Thanks to God’s common grace, this even extends to art made by unbelievers. Since there would be no beauty without God, anything that is beautiful points back to Him, intentionally or not. And if even secular art brings this kind of glory to God, what happens when Christians purposefully harness the power of creativity as a witness to the world? What happens when we cultivate our talents and then channel them into making real, high-quality art that honors our God?

Amazing things happen.

So I think it’s a mistake for Christians to be afraid of the arts, to refuse to let their kids read fiction, to think all dancing is sinful…or even to think that artistic pursuits are less important, less valid, not a real career or a meaningful contribution to the world.

We believe in a beautiful God. And our art, whether music or writing or dance or anything else, brings Him glory in a special way, and broadcasts His beauty to the world.

 

This post probably doesn’t even do justice to the amount of thoughts I’ve been having on this subject lately – expect to see more exploration of it in coming months. So let’s start a conversation in the comments! I could talk about this all day. How do you glorify God through art? What do you think about secular vs. Christian art and media? Where do you see God’s beauty in your daily life? 

love, grace

Read more:

Why I Don’t Limit Myself to “Christian” Entertainment

Music Spotlight: The Gray Havens

Superheroes, Science, and Sanderson (Reading Recap Jan-Feb 2018)

I’m starting something new today: here on the blog, every two or three months I’m going to share a collection of the books I read and highlight what I thought of a few of them. Here’s my collection from January and February.

*the inspiration for this post’s format came from the lovely Tracey at Adventure Awaits, this post in particular!

12 books (9 fiction, 2 nonfiction, 1 play)

Lowest-Rated

stargirl

Stargirl by Jerry Spinelli – 2.5 stars

unsatisfying ending//looks at an important problem but offers no solution//rushed romance//new age elements//genius in some ways but overall disappointingly forgettable

heart of darkness

Heart of Darkness by Joseph Conrad – 2.5 stars

read for AP Literature class//beautiful writing and fun to analyze//super weird though

Rereads

penderwicks

The Penderwicks at Point Mouette by Jeanne Birdsall 

approximately the fourth time I’ve read this//made me almost cry//never gets old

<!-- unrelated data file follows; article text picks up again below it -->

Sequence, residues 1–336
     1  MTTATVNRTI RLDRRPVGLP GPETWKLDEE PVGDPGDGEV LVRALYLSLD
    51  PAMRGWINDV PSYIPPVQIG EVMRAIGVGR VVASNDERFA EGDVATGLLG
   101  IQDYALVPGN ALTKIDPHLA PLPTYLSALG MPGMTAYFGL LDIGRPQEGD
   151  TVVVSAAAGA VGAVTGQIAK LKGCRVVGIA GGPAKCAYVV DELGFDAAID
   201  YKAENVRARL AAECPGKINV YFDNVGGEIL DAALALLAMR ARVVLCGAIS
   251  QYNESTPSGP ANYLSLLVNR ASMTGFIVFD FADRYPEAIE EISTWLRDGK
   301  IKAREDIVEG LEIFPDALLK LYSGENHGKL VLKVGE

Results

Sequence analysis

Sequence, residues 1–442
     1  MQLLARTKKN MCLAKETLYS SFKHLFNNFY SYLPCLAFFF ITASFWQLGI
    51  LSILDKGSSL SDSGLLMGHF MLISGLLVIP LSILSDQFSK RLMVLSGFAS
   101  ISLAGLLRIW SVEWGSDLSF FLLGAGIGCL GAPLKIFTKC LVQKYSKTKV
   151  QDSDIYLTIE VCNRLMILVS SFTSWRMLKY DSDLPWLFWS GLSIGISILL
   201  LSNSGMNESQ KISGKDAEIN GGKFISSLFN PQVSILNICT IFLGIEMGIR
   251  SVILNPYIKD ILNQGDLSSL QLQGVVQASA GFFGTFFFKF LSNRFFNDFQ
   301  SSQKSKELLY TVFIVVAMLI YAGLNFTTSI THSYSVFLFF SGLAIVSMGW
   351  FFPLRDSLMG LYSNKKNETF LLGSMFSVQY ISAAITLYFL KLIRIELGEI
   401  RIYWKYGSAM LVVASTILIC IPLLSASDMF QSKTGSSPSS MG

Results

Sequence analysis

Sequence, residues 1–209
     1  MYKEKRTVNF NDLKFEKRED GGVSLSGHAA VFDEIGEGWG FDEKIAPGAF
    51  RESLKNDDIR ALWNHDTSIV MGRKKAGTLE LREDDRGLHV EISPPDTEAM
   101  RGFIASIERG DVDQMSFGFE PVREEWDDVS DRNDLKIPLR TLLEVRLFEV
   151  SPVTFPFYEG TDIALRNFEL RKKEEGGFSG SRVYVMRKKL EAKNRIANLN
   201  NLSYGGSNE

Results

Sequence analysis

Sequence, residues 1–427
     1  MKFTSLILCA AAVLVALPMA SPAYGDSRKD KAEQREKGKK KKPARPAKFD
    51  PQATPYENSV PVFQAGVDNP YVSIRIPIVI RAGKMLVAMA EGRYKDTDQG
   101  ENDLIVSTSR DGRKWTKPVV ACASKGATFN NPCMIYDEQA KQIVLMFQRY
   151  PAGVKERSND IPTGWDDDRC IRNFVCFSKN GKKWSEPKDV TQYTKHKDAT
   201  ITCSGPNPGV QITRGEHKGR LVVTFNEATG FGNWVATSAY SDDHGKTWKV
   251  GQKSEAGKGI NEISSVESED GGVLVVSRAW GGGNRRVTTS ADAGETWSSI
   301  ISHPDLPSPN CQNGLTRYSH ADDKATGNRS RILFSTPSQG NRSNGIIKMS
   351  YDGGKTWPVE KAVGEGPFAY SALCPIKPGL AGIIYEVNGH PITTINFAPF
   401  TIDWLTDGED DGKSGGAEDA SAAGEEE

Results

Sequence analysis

a tale of two cities

A Tale of Two Cities by Charles Dickens 

amazing in a different way the second time//wow, the foreshadowing//must read

Favorite Reads

renegades

Renegades by Marissa Meyer – 4 stars 

totally met my expectations//incredibly unique settings//memorable characters//read entire second half in one day//thought it was a standalone, need the sequel now

earnest

The Importance of Being Earnest by Oscar Wilde – 4 stars 

read for AP Literature//read out loud in class which is highly recommended//hilarious Victorian comedy//so much quotableness

counted worthy

Counted Worthy by Leah E. Good – 4 stars 

didn’t feel self-published//Christianity not sentimental or cheesy//inspiring//I need to memorize more Bible verses//God is bigger than government

final empire

The Final Empire by Brandon Sanderson – 4 stars 

audiobook//narrator makes great voices//how did it take me so long to read this??

 

What were your favorite reads of the last few months? Which of these books would you like me to review? Have you read any of them? And what do you think of this post format? Share in the comments! 

love, grace

How to Study the Bible: The Verse Brainstorming Method

biblestudy-4

Today I want to share another method for digging into Bible verses that I discovered a while ago. I used it for a good chunk of time recently before switching to another method, and I’m sure I’ll go back to it again (I change my routines up often).

I first got the idea for this method when reading Tim Keller’s book Hidden Christmas. In the book, he tells the story of a conference he went to where the speaker instructed them to write down at least thirty things they could learn from Mark 1:17, listing things for a whole thirty minutes even if it seemed there was nothing else to possibly write. It sounded intriguing, and so I decided to try it.

And every single time I picked a verse and spent long enough writing things down, I made some kind of breakthrough discovery in my understanding of the verse, something I would never have gotten out of a ten-minute study. It made me realize that the majority of the time, I don’t go nearly deep enough in my Bible studies. So today I want to share this method with you.

The Method

I’m not going to do an example, because this is a very straightforward method that would be hard to demonstrate thoroughly in a blog post. Here’s how it works:

  1. Choose a verse.
  2. Choose an amount of time (thirty minutes recommended) to write things down. Choose this before you start so you won’t be tempted to stop whenever you think you’ve run out of things to write!